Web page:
1. Introduction: Bullshit Jobs by David Graeber
2. The Book’s Arguments Are Western-Centric
The author credits Puritan work ethic and Capitalist values for the existence of Bullshit Jobs, but this is rather Western-centric. For example, East Asian and Confucian values created the ideological mindset responsible for the long hours worked in East Asia. Likewise, overworking in South Korea was so overdone and unnecessary that South Korea had to pass a law capping the maximum number of hours that workers work each week, but Bullshit Jobs doesn’t explain this because South Korea is not influenced by a Puritan work ethic.
The problem is that those cultures are hard-working, even when it leads to no practical wealth. Culture, social status, race and genetics encourage this inefficient use of labor, so the government is the only practical institution left that can do anything about the problem. It would be nice if it wasn’t necessary to use the state to fix this problem, but the reality is that the state becomes necessary to regulate this when all else has failed. When nothing else has a realistic chance of fixing cultural problems in a deterministic world, intervention is a practical solution.
3. The Book Doesn’t Address People Who Gain Wealth Via Rent-Seeking
Some people are harshly overworked when their labor actually produces real wealth in the world, while others do “work” that accomplishes essentially nothing, not to mention people like land speculators who don’t have to work at all.
4. The Book Doesn’t Address How Academia Is Broken
For a list of Internet articles and essays explaining the ongoing problems with Academia and why the system is broken, see: Why Most Academic Research Is Fake.
Many of the world’s bullshit jobs are concentrated in directing fake academic research.
Additionally, the existence of video technology can automate the conduction of most college lectures. If more college lectures were recorded and available online for free, college professors would be less needed, except to answer any questions that the students might have, or to help students when they need help. Paying the professors’ salaries tends to make up ~75% of all college costs, so eliminating most of the need for professors would dramatically decrease the cost of college and eliminate many bullshit jobs.
5. Graeber Underestimates The Number Of Bullshit Jobs Created In The Public Sector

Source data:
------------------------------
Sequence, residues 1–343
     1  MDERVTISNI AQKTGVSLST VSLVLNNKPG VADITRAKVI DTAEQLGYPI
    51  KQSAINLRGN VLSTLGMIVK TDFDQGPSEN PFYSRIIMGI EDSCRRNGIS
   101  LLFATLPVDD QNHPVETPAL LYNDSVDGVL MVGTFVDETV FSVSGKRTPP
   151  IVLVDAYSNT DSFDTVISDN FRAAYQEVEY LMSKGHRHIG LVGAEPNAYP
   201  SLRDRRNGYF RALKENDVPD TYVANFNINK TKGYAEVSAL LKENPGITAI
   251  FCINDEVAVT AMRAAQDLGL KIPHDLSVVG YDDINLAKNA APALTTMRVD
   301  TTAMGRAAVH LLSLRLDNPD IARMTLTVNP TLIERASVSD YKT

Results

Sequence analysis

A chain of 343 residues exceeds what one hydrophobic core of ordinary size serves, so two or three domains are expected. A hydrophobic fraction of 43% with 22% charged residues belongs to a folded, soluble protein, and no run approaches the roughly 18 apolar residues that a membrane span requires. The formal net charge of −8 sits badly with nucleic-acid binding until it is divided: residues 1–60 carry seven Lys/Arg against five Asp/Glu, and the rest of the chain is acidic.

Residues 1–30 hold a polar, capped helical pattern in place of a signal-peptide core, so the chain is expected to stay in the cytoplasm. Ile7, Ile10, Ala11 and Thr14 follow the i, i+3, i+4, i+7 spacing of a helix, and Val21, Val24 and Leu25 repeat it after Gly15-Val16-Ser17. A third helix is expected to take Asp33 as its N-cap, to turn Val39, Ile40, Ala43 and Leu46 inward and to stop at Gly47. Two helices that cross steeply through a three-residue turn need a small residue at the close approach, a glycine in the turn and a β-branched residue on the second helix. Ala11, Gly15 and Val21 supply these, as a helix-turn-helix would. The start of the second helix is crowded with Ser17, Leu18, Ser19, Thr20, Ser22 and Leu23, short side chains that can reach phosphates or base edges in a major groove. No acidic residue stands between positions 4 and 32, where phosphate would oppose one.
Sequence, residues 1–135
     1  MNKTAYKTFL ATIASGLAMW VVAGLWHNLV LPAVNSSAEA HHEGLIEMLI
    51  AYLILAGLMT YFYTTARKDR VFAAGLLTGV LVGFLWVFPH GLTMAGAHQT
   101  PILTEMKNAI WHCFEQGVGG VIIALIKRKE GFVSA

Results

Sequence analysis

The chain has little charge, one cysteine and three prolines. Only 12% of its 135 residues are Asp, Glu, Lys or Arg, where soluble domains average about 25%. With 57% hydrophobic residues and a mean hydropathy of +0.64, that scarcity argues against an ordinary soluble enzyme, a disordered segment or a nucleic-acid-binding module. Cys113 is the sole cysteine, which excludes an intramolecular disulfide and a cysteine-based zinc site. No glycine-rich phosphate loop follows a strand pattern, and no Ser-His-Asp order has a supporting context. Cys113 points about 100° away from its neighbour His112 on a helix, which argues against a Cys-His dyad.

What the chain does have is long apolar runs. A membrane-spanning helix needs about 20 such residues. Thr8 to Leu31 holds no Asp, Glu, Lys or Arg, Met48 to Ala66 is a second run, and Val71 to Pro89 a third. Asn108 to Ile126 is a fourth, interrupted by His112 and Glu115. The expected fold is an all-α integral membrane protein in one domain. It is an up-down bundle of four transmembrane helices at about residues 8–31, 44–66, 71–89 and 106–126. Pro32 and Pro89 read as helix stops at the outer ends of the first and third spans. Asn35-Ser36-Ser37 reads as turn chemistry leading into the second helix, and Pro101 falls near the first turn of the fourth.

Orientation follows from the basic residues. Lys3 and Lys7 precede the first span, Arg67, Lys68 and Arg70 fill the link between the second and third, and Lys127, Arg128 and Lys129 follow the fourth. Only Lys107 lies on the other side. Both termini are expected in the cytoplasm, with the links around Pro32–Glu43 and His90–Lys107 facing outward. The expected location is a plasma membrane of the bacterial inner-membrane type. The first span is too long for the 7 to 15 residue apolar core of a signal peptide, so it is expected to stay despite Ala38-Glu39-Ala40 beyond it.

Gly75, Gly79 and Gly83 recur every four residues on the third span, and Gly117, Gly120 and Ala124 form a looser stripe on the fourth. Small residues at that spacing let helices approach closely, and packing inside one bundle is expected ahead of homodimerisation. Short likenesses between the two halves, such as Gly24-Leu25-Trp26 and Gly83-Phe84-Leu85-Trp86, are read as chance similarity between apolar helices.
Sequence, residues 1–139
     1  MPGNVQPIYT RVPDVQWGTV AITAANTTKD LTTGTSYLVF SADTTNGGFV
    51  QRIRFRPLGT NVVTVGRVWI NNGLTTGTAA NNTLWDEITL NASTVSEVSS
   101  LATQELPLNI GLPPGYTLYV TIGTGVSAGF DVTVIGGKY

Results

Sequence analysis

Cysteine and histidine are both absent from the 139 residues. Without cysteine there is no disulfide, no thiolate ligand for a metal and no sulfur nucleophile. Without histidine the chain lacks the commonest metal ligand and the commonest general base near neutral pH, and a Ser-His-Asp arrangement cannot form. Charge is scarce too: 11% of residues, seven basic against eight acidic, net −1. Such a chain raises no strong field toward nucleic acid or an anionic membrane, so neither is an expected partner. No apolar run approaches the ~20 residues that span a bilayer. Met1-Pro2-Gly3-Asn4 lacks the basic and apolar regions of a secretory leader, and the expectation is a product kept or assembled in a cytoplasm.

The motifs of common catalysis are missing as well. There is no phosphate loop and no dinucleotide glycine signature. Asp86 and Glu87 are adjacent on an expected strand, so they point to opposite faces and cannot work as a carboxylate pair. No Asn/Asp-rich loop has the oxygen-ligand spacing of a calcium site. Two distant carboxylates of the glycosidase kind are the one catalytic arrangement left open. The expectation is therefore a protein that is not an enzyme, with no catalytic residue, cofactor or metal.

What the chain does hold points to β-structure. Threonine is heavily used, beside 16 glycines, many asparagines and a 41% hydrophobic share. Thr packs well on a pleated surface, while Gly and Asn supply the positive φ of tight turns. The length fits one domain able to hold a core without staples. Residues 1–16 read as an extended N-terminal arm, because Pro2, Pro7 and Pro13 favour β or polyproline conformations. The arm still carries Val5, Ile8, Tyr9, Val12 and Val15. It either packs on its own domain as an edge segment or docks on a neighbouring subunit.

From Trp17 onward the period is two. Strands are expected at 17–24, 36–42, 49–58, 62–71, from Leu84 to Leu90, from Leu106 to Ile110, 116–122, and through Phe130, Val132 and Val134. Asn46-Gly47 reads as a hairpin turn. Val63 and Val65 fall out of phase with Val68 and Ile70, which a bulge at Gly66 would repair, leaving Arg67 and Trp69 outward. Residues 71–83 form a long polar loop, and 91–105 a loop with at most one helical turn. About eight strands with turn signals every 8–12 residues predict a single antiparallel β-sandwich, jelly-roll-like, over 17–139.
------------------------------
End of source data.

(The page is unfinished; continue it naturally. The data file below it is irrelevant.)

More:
By raw numbers, it makes sense that the private sector produces more bullshit jobs overall since the private sector is several times larger than the public sector, but the author underestimates the number of bullshit jobs created in the public sector. Some examples:
- People who just stand around doing nothing in the military because they don’t have anything to do
- Teachers who teach fake knowledge (I have many examples that I might write about in another essay)
- Bloated education boards
- Unneeded bureaucracy
- University professors who spend many hours lecturing when such lectures could be recorded on video instead
- The corruption and corporatocracy that plagues the government
- Et Cetera.
6. Why We Will Never Have Maximum Labor Efficiency
Bullshit Jobs describes five types of pointless jobs: flunkies, goons, duct tapers, box tickers, and taskmasters, but Graeber doesn’t give any effective solutions for eliminating these types of bullshit jobs because he doesn’t understand that many of these jobs originate due to game theoretical problems. Some examples:
- It is inevitable that every economic system will develop goons of some kind, though this can be mitigated with effective government intervention.
- Many duct tapers exist due to Planned Obsolescence, which is best addressed via government intervention and mandating that companies grant consumers the right to repair what they’ve bought.
Generally speaking, there will always be inefficiency in the labor sector since it is too difficult to align the incentives of managers, workers, CEOs, shareholders, etc. Employers want their employees to work as much as possible for little pay, whereas employees will try to figure out ways to get paid while doing as little work as possible. This world will never have maximal labor efficiency unless the game-theoretic problems relating to labor can be solved.